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Something wrong with the Sun or us planet Earths pos

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posted on Dec, 13 2011 @ 12:31 AM
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I have just checked to suns position at sunrise with my compass and its 60 degrees off of where it should be I think. I have always thought the sun rises in the East and sets in the West. Well as said its 60 degrees toward South, more than it should be If we work on 360 degrees 0 being True South, and 180 degrees being true North. The suns actual position 330 degrees where true East would be 270 degrees. What’s going on I am wondering. I was going to film the event, but the stupid Vid cam battery is flat, Bugger!!
edit on 13-12-2011 by outerlimits because: (no reason given)

edit on 13-12-2011 by outerlimits because: (no reason given)

edit on 13-12-2011 by outerlimits because: (no reason given)




posted on Dec, 13 2011 @ 12:43 AM
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1. Get a new compass

2. get a battery charger for cam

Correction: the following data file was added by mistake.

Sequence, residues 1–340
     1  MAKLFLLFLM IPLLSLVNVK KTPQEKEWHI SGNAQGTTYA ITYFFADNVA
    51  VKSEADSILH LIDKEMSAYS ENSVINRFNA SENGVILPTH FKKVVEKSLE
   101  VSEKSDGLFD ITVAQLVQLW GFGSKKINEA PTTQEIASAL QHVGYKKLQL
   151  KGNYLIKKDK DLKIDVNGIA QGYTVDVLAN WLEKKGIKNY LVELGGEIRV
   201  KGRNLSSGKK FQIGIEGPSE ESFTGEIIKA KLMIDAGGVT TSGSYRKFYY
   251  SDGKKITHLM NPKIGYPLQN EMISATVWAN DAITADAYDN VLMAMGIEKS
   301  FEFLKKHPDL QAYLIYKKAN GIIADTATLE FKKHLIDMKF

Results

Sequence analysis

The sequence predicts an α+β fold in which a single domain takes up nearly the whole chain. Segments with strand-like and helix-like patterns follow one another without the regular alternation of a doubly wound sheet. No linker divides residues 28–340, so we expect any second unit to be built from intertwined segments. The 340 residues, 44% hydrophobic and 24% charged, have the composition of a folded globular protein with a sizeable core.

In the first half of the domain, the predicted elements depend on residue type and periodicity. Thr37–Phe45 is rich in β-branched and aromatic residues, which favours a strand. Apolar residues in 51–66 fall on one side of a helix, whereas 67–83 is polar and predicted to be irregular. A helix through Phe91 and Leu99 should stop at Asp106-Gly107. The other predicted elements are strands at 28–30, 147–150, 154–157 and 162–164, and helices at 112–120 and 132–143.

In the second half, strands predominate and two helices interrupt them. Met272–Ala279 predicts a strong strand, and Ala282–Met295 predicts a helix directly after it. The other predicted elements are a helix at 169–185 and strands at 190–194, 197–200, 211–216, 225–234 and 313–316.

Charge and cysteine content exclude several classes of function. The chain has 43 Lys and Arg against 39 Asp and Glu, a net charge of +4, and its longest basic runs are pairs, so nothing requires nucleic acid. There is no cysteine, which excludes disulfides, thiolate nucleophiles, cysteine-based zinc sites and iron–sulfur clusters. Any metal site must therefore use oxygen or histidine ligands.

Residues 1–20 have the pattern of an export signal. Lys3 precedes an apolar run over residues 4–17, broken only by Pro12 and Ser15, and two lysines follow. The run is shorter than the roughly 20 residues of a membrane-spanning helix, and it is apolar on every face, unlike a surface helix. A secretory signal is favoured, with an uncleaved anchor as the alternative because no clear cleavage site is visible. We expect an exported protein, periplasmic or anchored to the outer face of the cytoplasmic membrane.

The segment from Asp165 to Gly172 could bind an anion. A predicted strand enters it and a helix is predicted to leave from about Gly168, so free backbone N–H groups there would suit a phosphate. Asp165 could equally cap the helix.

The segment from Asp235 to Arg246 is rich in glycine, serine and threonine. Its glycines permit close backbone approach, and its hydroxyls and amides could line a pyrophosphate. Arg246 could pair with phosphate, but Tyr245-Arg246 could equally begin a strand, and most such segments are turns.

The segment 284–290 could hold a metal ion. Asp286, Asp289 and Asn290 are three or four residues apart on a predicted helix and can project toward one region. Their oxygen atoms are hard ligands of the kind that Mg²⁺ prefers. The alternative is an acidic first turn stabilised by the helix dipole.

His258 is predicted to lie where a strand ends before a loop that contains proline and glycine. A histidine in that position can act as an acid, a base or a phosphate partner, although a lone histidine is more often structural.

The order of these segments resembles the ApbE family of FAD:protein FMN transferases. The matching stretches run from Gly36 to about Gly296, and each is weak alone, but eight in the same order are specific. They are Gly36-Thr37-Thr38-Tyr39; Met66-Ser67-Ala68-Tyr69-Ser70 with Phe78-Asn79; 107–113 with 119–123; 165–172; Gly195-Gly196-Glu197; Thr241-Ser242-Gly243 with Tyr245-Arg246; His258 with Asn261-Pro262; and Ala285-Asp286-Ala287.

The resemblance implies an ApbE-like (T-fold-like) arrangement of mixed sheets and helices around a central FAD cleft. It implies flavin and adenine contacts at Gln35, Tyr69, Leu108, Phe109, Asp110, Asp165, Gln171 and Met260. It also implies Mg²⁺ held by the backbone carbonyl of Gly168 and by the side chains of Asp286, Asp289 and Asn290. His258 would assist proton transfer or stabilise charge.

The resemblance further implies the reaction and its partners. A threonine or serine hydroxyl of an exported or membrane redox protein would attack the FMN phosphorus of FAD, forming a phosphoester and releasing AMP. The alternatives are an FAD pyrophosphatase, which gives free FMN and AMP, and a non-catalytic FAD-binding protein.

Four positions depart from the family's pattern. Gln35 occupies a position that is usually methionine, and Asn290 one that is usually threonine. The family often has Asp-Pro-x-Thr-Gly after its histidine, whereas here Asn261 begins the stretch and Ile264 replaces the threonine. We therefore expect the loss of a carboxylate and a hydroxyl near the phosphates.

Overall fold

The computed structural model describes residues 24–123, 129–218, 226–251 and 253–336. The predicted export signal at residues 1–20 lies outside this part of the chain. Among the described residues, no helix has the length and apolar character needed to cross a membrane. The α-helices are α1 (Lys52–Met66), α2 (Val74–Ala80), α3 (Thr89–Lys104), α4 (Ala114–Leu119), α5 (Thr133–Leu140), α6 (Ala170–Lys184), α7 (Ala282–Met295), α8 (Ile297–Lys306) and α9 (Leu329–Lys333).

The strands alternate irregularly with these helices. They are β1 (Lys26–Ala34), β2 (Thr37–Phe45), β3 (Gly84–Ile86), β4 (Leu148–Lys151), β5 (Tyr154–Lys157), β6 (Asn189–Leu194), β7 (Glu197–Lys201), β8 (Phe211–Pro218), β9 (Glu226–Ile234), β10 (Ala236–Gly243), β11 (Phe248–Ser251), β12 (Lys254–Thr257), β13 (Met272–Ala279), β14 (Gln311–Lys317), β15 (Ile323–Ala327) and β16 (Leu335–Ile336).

3. report back with video evidence of sun in wrong position.

4.Your latitude and longitude have everything to do with the suns direction. we are nearing the winter solstice so in your location the sun may not be where you expected.

5. What the &%#@ are you doing up so early??




posted on Dec, 13 2011 @ 12:46 AM
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Originally posted by outerlimits
I have always thought the sun rises in the East and sets in the West.



Not true except under very special circumstances.

All of your problems stem from this untrue fact.




Originally posted by outerlimits
If we work on 360 degrees 0 being True South, and 180 degrees being true North. The suns actual position 330 degrees where true East would be 270 degrees.


I dont know anyone who works this way. Normally its 0 for north, 90 for east, 180 for south.
But in any case I just checked the position of sunrise for Bulgaria on heavens-above and it is at 121 degrees.

That is further south than directly east. Not as far as you claim though.

edit on 13-12-2011 by alfa1 because: (no reason given)



posted on Dec, 13 2011 @ 12:49 AM